Subject(s)
COVID-19 , Cardiac Surgical Procedures/statistics & numerical data , Aged , COVID-19/epidemiology , Female , Humans , Male , Middle Aged , United States/epidemiology
8.
World J Pediatr Congenit Heart Surg ; 11(6): 689-696, 2020 11.
Article in English | MEDLINE | ID: covidwho-738738

ABSTRACT

The coronavirus disease 2019 (COVID-19) pandemic currently gripping the globe is impacting the entire health care system with rapidly escalating morbidities and mortality. Although the infectious risk to the pediatric population appears low, the effects on children with congenital heart disease (CHD) remain poorly understood. The closure of congenital heart surgery programs worldwide to address the growing number of infected individuals could have an unintended impact on future health for COVID-19-negative patients with CHD. Pediatric and congenital heart surgeons, given their small numbers and close relationships, are uniquely positioned to collectively assess the impact of the pandemic on surgical practice and care of children with CHD. We present the results of an international survey sent to pediatric and congenital heart surgeons characterizing the early impact of COVID-19 on the care of patients with CHD.


Subject(s)
COVID-19 , Cardiac Surgical Procedures/statistics & numerical data , Elective Surgical Procedures/statistics & numerical data , Heart Defects, Congenital/surgery , Hospital Administration , Pandemics , Child , Extracorporeal Membrane Oxygenation/statistics & numerical data , Global Health , Health Care Surveys , Humans , Organizational Policy , Patient Care Management/statistics & numerical data , SARS-CoV-2
11.
World J Pediatr Congenit Heart Surg ; 11(5): 548-556, 2020 09.
Article in English | MEDLINE | ID: covidwho-646289

ABSTRACT

As recovery of congenital heart surgery programs begins during this COVID-19 pandemic, we review key considerations such as screening, protection of patients and health care workers (HCWs), case prioritization, barriers to reactivation, redesign of patient care teams, contribution of telemedicine, modification of trainees' experiences, preparation for potential resurgence, and strategies to maintain HCW wellness. COVID-19 has tested the resolve and grit of our specialty and we have an opportunity to emerge more refined.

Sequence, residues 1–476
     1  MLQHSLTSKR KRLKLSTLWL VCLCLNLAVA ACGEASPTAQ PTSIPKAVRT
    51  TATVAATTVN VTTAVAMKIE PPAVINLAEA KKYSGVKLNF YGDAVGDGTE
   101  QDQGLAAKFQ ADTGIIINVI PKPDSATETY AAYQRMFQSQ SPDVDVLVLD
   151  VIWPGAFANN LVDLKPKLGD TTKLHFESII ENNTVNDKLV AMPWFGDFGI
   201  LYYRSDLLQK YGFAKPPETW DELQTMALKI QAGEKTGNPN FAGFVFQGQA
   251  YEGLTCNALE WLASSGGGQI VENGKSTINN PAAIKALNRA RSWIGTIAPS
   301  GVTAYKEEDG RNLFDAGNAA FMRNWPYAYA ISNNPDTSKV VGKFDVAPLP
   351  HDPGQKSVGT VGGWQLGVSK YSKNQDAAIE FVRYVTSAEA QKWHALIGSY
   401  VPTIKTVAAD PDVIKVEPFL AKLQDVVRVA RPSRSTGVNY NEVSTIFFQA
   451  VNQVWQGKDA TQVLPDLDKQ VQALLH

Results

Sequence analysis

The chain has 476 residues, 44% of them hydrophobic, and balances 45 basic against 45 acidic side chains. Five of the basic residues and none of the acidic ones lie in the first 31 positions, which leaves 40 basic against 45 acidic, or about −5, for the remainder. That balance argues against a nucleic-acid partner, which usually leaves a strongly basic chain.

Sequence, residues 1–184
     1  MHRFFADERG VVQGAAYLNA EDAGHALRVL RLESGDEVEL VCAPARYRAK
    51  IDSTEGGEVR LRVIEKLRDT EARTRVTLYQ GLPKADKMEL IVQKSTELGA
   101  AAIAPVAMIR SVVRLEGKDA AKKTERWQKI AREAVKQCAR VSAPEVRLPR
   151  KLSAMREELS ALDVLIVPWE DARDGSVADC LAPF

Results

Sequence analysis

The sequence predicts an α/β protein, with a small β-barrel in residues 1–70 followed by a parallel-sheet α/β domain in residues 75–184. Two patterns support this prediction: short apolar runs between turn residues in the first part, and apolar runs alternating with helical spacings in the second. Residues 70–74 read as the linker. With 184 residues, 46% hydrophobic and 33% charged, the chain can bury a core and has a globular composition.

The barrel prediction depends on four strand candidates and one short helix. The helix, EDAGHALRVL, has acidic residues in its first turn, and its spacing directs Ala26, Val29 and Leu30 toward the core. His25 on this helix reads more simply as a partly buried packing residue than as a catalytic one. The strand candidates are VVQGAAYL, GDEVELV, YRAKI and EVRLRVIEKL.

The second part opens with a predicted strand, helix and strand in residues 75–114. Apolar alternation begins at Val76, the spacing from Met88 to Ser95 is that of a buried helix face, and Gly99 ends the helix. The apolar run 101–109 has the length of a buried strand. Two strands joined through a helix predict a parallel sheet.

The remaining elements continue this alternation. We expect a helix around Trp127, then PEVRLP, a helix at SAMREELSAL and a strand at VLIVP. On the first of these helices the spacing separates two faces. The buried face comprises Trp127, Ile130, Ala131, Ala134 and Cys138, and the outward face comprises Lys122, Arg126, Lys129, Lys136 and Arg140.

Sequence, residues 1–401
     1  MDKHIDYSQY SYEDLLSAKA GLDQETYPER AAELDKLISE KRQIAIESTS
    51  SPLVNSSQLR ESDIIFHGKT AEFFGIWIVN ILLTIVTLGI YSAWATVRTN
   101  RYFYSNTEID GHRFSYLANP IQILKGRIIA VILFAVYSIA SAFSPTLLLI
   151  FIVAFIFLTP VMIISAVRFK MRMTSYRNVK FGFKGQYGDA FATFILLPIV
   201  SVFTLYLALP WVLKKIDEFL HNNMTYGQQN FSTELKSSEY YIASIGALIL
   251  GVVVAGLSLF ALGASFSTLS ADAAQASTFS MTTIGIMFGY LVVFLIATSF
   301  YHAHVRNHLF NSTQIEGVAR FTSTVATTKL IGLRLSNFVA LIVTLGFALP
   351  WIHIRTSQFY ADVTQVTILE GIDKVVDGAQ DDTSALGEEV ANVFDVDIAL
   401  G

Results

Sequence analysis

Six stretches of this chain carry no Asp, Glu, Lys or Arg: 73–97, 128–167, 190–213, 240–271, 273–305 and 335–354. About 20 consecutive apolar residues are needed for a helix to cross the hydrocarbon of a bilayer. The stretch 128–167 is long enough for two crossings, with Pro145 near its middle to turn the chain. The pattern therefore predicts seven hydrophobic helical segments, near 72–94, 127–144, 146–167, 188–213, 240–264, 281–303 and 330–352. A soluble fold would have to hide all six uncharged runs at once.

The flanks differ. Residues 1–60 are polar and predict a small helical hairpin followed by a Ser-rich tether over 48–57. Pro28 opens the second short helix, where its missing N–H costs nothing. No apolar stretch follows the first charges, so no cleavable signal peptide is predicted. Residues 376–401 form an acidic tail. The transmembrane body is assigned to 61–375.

Subject(s)
Betacoronavirus , Coronavirus Infections/complications , Heart Defects, Congenital/surgery , Pneumonia, Viral/complications , Recovery of Function , COVID-19 , Coronavirus Infections/epidemiology , Heart Defects, Congenital/complications , Humans , Pandemics , Pneumonia, Viral/epidemiology , SARS-CoV-2
12.
World J Pediatr Congenit Heart Surg ; 11(5): 675-679, 2020 Sep.
Article in English | MEDLINE | ID: covidwho-638726

ABSTRACT

The world as we once knew it has been drastically altered secondary to coronavirus disease 2019 (COVID-19). The impact of these changes, particularly for those practicing in the medical profession, extends beyond the physical to the psychological, emotional, and spiritual. We discuss the factors that contribute to these stresses, way to manage them, and how we as leaders of our teams can inspire resilience and help our colleagues endure these most difficult times.


Subject(s)
Betacoronavirus , Coronavirus Infections/complications , Courage , Leadership , Pneumonia, Viral/complications , Surgical Procedures, Operative/standards , COVID-19 , Coronavirus Infections/epidemiology , Humans , Pandemics , Pneumonia, Viral/epidemiology , SARS-CoV-2
13.
World J Pediatr Congenit Heart Surg ; 11(4): 395-400, 2020 07.
Article in English | MEDLINE | ID: covidwho-617248